8. FO DVOA Opponent Defensive Percentage Average

This percentage is even more damning to anyone who assumes Luck is the better quarterback based on what they hear in the media alone. These numbers don't lie. Luck faced defenses that were barely above the median average(.8%) of all the defenses in the NFL, while Newton was confronted by defenses that were more than four percentage points higher than the average NFL defense.

9. Yards Per Attempt, Minus Yards After Catch

Although Newton's overall yards per attempt were higher during the 2013 season, Luck actually ended up with more yards past the line of scrimmage when factoring yards gained after the catch.

10. Yards After Catch Percentage

This stat compliments the 9th category, therefore it makes complete sense that Newton was the beneficiary of more total yards gained after the catch. As I've stated previously, this particular metric is the byproduct of a number of things like down field blocking, ball placement(leading the receiver) and the receiver's own extraordinary or ordinary ability to get positive yards in traffic or in space on any given play. Because of this, it is very difficult to declare either quarterback the winner on such data because of the many variables involved.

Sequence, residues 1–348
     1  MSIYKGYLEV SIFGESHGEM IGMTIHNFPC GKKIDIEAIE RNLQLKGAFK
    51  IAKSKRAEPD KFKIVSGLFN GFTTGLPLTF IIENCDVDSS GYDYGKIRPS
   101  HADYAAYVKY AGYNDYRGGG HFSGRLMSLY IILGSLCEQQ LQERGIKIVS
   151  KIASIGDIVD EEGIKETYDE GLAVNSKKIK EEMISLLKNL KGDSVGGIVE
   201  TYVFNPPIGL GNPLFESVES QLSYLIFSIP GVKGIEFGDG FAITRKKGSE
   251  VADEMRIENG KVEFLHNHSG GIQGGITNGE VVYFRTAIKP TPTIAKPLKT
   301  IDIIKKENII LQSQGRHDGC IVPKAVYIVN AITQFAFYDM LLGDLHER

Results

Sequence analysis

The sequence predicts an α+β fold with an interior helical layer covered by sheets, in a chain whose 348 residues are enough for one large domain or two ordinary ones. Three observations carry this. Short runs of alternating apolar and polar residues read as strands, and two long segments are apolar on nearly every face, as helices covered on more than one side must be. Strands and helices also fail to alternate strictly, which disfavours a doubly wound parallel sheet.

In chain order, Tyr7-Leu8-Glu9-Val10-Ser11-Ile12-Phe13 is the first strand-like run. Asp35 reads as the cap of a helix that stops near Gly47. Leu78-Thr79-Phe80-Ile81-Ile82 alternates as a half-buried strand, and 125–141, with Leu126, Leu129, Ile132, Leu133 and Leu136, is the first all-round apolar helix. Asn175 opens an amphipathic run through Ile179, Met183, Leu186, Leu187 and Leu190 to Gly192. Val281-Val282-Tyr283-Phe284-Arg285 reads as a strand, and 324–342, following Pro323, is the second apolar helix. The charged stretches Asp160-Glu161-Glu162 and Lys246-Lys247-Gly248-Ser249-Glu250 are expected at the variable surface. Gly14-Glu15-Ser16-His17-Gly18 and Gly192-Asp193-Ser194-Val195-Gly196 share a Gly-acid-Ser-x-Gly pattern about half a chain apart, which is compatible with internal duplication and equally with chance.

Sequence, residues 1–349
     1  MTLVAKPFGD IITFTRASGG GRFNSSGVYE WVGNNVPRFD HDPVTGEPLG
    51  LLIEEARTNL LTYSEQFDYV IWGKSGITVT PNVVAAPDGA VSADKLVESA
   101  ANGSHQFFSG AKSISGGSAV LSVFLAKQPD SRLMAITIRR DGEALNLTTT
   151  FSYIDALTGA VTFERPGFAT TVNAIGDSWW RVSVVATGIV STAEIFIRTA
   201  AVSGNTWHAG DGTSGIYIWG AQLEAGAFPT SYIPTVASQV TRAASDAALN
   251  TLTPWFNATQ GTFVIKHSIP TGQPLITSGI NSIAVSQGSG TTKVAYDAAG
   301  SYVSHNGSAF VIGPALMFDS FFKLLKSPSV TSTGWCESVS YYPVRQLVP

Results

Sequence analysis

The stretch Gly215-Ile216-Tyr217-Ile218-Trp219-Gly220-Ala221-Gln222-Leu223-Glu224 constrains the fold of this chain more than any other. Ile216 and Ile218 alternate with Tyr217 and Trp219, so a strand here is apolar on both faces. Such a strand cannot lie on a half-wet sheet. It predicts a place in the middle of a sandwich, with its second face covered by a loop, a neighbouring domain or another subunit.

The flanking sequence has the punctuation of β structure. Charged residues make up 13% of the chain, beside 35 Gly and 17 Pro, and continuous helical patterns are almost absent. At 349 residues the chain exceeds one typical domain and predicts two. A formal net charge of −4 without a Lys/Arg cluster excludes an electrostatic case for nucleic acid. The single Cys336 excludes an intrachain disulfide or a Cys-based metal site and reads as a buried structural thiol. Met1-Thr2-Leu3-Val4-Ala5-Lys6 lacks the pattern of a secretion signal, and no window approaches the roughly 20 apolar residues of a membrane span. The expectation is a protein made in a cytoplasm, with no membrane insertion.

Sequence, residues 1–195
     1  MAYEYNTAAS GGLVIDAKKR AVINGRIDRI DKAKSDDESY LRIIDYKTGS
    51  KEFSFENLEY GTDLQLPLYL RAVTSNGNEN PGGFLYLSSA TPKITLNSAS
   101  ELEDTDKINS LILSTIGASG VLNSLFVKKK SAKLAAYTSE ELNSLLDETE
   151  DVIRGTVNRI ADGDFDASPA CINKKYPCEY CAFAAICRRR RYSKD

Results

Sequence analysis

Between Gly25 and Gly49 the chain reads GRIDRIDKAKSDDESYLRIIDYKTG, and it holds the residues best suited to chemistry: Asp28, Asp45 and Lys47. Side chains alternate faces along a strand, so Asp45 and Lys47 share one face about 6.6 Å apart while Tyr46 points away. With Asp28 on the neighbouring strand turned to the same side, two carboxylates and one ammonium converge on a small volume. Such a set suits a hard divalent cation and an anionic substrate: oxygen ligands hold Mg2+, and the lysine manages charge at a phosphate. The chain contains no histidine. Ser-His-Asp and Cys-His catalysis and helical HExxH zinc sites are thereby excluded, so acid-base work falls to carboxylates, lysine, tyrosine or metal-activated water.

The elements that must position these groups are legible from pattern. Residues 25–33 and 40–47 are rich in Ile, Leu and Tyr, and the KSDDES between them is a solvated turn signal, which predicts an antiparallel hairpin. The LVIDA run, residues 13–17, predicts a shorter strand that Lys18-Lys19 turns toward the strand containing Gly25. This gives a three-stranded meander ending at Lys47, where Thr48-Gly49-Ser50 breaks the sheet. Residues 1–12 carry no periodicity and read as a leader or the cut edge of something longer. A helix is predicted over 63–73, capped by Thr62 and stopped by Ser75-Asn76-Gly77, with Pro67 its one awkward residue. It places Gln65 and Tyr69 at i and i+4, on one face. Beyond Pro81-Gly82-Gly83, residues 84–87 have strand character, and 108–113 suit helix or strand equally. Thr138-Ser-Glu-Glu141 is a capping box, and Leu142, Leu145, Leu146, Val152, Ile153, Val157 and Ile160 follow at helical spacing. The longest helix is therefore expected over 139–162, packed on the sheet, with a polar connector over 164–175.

Now, we'll compare and contrast their dome/inside games against their outside/road games.

Dome/Inside Games vs Outside/Road Games Comparison

Andrew Luck